As a small business owner with a physical studio location, you have various legal requirements that you may need to follow. OSHA (Occupational Safety and Health Administration) in the United States lists the standards that any size of business must have in first aid kits as well as any medically trained personnel. Of course, state and federal laws may vary depending on your location or country so be sure to do your own research. OSHA fines in the USA can be very high and this is a serious matter that some photography studios have found out the hard way. Even if your studio doesn’t need to meet some or all of these standards, I think it’s enough to have the first advertising kit on the premises and a plan or some training for when something happens. It’s easy. Most US states also have free programs that will provide kits and safety training for small businesses.
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The company RapidCare has several different types of kits that meet both OSHA and ANSI standards that can be wall-mounted for easy access and visibility, at an affordable price.
If you want something more portable or that doubles as a kit for on-location photo shoots, Adventure Medical Kits makes several kits in its Sportsman line for 4, 6, or up to 10 people. These are well organized by injury type with a clear map of all items on the back of the easily identifiable soft bag.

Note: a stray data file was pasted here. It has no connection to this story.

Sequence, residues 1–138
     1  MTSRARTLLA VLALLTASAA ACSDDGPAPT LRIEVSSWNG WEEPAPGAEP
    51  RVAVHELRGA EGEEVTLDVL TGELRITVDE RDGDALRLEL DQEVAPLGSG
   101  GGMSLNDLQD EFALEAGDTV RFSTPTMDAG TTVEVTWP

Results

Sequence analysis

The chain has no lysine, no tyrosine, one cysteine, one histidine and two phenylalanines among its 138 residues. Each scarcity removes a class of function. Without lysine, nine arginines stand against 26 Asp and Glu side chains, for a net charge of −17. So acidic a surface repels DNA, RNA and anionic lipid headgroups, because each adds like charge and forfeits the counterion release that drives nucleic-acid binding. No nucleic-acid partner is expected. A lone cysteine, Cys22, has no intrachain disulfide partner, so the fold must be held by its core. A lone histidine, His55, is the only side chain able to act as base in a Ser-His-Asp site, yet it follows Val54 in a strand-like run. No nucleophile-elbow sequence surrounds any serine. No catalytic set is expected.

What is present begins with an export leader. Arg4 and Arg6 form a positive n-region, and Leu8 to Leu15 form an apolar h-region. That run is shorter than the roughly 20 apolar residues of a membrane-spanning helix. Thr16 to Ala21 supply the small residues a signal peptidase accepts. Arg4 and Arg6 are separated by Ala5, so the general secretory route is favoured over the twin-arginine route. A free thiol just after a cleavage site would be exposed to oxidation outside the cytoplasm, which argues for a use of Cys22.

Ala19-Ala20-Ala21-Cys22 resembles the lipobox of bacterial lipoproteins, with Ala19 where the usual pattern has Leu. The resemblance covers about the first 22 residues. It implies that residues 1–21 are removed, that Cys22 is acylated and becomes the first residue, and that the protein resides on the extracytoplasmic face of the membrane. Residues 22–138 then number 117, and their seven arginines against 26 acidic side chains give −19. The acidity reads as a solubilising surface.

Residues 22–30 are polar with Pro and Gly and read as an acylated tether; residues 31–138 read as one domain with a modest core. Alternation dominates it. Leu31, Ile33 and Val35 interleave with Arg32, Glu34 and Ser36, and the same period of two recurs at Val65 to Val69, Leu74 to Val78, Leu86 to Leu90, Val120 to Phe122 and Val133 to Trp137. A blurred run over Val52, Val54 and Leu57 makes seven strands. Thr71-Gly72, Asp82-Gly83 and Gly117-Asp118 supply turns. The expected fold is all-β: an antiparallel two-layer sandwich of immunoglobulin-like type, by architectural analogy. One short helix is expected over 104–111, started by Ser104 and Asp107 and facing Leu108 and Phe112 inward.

If you want to make your own kit, OSHA has a list of minimum items you should include to get started.
For many working photographers, a car is their office and every job is a new location. This makes a good first aid car kit all the more important. Again I am of the opinion that every vehicle should have some sort of first aid kit and I even carry a kit specially designed for my motorcycle. Additionally, when working on location, the photographer is often the linchpin between clients, assistants, models, and stylists on set. When a problem arises, the photographer is usually the first person everyone comes to. Being prepared and having a quick safety conversation at the start of a shoot can go a long way.
First Aid Kits: How To Make A Well Stocked Kit For Safety
Whether I’m using my own car or renting a car for frequent work, I always pack a road-ready emergency kit. There are many options and brands available but here are a few suggestions that I like.
MyMedic makes very high quality kits although they are often on the pricier side. However, their Automedic Road Kit comes with several great items not often found in cheaper kits.
As mentioned earlier, the Adventure Medical Kits sports main line also makes a great in-car or on-location kit but doesn’t come with special roadside safety equipment.